A friend of a number of my friends was killed yesterday by a drunk driver. Not just any run-of-the-mill drunk, but one that had at multiple DWIs on his record.
As a result, my Facebook feed is full of calls for Texas to get stricter on sentencing for intoxication manslaughter, and comments range from “no parole” to “death penalty.”
IMHO, this may serve our collective need for revenge, but it doesn’t address the core problem — drunk drivers are generally habitual, and tough sentencing for murdering someone with their car will absolutely not deter them. When they are drunk, they don’t give a flying rat’s ass who they might hurt, and they believe themselves to have the superpower of not getting caught. So, tough sentencing only _post-manslaughter_ probably won’t save many lives.
Instead, here’s what I think Texas should do after the first offense of drunk driving:
- Suspend their license for a year. If the driver is under 18, suspend it until they turn 19. If they are 18-20, suspend it until they are 21 or for a year, whichever is longer.
- Within 60 days of conviction, require them to complete a 21-day, in-patient rehab program.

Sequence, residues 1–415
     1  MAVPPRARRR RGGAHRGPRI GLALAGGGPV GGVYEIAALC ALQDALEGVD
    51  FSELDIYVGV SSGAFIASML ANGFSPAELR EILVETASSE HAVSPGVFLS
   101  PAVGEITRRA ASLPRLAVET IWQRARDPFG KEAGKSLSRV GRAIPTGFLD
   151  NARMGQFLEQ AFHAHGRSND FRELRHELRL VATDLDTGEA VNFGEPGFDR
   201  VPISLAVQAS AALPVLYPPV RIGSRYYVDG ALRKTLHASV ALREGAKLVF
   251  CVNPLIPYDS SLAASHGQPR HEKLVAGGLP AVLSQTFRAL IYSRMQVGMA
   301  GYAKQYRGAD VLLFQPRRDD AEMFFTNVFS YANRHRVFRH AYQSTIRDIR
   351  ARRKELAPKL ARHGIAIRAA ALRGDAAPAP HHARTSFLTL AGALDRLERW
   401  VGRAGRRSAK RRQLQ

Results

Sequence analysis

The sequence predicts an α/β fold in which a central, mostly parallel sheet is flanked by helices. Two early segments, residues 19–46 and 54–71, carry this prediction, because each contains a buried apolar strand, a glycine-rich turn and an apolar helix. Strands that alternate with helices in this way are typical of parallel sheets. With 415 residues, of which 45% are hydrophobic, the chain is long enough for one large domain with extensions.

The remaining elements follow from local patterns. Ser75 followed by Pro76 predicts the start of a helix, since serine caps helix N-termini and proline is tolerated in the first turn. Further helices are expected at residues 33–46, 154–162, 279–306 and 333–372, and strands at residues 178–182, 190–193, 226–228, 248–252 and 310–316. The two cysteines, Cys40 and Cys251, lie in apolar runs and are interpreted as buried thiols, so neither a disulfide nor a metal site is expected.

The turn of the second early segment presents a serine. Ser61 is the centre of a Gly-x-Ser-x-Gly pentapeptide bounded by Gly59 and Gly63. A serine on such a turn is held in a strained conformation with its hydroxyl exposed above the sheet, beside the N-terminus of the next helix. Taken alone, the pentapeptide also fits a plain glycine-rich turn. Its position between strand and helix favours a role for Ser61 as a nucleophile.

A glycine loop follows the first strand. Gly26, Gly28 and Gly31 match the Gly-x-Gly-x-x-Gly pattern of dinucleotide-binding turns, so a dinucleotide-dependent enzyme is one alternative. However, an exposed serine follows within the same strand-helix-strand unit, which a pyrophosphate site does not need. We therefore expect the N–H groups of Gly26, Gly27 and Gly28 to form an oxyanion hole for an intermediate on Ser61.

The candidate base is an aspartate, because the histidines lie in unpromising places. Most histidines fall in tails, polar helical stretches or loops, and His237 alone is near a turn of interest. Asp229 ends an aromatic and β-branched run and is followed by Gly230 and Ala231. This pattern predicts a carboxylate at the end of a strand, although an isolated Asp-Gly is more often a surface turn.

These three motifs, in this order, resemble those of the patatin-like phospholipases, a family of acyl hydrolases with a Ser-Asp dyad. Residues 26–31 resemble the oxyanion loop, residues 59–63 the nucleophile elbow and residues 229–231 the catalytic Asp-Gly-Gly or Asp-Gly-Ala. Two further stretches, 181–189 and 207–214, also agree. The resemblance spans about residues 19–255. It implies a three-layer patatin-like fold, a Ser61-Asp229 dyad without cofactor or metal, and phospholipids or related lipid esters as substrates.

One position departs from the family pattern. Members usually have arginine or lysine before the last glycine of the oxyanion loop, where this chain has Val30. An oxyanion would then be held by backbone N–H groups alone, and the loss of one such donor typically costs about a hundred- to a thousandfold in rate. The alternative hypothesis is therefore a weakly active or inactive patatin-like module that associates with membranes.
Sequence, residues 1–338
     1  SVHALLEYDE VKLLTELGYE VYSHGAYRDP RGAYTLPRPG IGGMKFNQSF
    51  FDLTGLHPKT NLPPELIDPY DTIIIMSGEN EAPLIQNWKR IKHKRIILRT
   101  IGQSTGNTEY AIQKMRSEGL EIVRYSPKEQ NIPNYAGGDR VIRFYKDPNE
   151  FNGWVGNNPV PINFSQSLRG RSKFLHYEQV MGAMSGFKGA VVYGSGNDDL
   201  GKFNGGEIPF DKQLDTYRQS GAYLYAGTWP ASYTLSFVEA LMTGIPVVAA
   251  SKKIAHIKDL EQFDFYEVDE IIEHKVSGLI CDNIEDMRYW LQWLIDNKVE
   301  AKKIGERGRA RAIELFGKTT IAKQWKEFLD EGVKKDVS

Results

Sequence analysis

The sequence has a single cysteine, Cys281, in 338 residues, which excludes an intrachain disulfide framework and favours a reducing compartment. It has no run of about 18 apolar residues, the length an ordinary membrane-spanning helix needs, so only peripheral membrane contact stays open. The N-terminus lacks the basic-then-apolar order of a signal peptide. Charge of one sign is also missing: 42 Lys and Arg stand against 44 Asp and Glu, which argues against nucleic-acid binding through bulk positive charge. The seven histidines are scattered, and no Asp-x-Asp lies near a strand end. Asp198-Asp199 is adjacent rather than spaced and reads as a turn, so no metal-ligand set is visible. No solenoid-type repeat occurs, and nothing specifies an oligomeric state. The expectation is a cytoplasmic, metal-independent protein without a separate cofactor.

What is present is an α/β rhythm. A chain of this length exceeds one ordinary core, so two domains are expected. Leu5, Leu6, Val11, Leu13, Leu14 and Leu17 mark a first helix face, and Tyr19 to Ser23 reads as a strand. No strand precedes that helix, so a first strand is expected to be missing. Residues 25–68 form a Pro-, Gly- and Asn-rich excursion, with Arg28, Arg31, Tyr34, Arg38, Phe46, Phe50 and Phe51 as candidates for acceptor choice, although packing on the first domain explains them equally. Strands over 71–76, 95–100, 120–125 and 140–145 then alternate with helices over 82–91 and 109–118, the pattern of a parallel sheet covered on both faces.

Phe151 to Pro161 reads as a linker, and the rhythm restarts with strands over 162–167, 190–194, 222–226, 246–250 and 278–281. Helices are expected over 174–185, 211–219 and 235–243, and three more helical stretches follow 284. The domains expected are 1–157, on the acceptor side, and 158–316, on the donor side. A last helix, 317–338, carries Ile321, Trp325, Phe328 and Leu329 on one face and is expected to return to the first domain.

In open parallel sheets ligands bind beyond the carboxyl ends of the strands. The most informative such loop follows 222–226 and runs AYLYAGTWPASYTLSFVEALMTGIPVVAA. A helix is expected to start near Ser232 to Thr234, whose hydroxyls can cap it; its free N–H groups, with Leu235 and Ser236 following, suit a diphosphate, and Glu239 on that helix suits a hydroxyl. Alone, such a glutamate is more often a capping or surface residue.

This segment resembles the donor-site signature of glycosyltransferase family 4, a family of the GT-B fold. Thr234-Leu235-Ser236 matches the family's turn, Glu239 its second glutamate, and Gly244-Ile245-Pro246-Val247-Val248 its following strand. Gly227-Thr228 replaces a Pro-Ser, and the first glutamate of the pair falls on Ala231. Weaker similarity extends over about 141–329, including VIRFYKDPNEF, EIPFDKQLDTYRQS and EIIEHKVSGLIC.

- Impound all vehicles registered in their name. When their suspension ends, to get them back, they must pay to have an engine interlock device (breathalyzer) professionally installed.
- For the next 3 years:
- Give them a “vertical” state ID or driver’s license, which will significantly lower the chances of them getting alcohol in clubs or buying it in the store.
- Put a code “N” on their license (interlock device required). Require car dealerships and rental companies to comply with this before providing them a vehicle.
- If they have a TABC certification, take it away.
Last but not least, states need to come together and have reciprocity around these restrictions, so the driver can’t just get around them by moving.
With current technology, we can’t stop people from making the decision to drive drunk, but I think we can do a lot better to protect the rest of us from someone who has already made that decision once and been caught, because if we don’t, it almost certainly will happen again.
Hopefully, at some point in the future, cars will either drive themselves or at least detect impaired drivers, disable themselves, and call the police. But until then, it’s time to stop giving slaps on the wrist.